Communities and Consequences II: Rebalancing New Hampshire’s Human Ecology is a sequel project to 2008’s award-winning Communities and Consequences: The Unbalancing of New Hampshire’s Human Ecology. This timely new film, book, web, and community outreach project will explore the economic and social realities of workforce shortages in our state - the nation’s second oldest state in terms of median age.
The population bulge known as the baby boom is reaching social security age and beyond. The impacts of the aging of such a large demographic cohort are seen nationwide. But New Hampshire and northern New England are suffering a far more severe demographic maelstrom. Here the rapidly rising number of seniors have been accompanied by shrinking numbers of younger adults and children—an unbalancing of the region’s human ecology.
The Communities and Consequences team will be traveling around the Granite State, finding compelling stories of how people in their local communities are making decisions that have consequences, some good, some not. We will share stories of how people are working together, including businesses and organizations to find innovative ways to create vibrant and welcoming places for people of all ages and backgrounds, and ensure a thriving future for their communities and the state.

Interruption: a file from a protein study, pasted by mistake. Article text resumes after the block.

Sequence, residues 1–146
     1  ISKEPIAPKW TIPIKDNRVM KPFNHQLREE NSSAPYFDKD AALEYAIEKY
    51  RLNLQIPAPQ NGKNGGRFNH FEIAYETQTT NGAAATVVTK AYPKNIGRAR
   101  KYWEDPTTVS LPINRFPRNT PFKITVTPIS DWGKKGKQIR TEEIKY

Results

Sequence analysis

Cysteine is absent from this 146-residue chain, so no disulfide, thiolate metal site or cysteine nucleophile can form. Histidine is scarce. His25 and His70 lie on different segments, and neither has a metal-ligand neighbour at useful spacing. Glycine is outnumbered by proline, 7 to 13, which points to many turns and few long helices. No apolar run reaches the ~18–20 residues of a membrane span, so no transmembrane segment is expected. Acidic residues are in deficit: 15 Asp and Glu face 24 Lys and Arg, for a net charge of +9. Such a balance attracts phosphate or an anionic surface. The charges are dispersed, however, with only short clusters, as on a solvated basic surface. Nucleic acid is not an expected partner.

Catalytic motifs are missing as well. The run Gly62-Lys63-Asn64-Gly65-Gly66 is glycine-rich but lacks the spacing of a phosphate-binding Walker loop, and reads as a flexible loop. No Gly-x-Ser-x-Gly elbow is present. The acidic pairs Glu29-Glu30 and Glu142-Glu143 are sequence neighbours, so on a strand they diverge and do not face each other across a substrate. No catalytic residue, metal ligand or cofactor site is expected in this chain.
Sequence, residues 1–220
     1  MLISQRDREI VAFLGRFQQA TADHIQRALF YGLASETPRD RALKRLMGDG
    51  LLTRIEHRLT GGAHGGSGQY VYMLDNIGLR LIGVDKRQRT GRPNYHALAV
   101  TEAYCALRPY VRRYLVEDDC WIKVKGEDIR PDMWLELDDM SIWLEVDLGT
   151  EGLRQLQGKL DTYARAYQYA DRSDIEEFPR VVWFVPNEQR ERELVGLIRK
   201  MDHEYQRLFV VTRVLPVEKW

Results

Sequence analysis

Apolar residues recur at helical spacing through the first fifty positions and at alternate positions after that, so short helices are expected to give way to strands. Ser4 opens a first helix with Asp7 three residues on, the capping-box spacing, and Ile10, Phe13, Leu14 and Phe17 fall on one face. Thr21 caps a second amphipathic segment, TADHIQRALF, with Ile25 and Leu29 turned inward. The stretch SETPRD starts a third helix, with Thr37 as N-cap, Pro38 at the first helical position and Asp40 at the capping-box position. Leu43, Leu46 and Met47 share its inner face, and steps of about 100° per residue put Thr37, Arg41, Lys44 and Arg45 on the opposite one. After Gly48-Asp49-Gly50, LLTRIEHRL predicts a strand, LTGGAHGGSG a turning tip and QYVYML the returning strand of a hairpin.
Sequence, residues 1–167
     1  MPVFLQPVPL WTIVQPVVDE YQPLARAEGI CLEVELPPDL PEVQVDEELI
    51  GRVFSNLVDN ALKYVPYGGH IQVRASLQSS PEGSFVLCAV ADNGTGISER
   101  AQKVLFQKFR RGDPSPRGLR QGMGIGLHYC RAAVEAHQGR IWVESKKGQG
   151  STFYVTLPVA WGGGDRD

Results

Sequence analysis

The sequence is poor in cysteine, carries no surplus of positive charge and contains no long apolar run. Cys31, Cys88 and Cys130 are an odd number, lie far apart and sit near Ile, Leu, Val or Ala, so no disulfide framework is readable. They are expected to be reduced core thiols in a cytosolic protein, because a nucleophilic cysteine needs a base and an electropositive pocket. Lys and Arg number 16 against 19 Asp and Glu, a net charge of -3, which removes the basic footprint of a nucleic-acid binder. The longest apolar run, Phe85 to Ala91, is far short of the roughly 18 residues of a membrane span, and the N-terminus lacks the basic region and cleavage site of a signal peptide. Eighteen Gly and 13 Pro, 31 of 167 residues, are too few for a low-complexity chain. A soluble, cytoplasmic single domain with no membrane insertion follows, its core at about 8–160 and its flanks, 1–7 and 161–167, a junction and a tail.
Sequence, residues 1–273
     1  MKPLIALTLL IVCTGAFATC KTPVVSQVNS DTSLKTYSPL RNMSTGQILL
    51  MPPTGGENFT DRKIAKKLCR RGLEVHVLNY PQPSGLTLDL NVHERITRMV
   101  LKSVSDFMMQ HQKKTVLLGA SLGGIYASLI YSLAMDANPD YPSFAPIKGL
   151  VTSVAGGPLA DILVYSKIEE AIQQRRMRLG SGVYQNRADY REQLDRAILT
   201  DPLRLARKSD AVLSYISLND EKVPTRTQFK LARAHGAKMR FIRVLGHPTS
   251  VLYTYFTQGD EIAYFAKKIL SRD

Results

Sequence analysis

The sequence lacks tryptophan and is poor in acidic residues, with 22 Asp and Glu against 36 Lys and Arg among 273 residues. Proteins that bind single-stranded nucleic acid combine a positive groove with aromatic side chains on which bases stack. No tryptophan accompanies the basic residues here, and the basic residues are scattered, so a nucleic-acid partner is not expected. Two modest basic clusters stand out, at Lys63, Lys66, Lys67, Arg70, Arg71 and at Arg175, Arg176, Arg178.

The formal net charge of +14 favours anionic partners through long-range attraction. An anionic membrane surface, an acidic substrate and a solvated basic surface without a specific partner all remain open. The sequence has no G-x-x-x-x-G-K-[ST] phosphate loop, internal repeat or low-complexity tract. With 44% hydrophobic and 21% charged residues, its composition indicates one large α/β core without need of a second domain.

Every citizen, business and organization has a stake in the economic health of the Granite State. Your contribution to this timely and important multi-platform initiative will help us reach audiences wherever they are - online, on television, and in community conversations.
You can help by making a secure donation for this project now.
Your support will help us hold statewide discussions around the themes of workforce supply, housing, education and economic growth, while enhancing NH’s quality of life.
A $100 to $500 contributor will receive a copy of the book personally signed by the authors and a digital copy of the documentary.
All contributors of $500 or more will receive a signed copy of the book, a digital documentary, and an autographed poster from the outreach forums.
Since 1990 NH has accelerated from 28th oldest state (by median age) to 2nd oldest. We must act now to rebalance the human ecology of NH.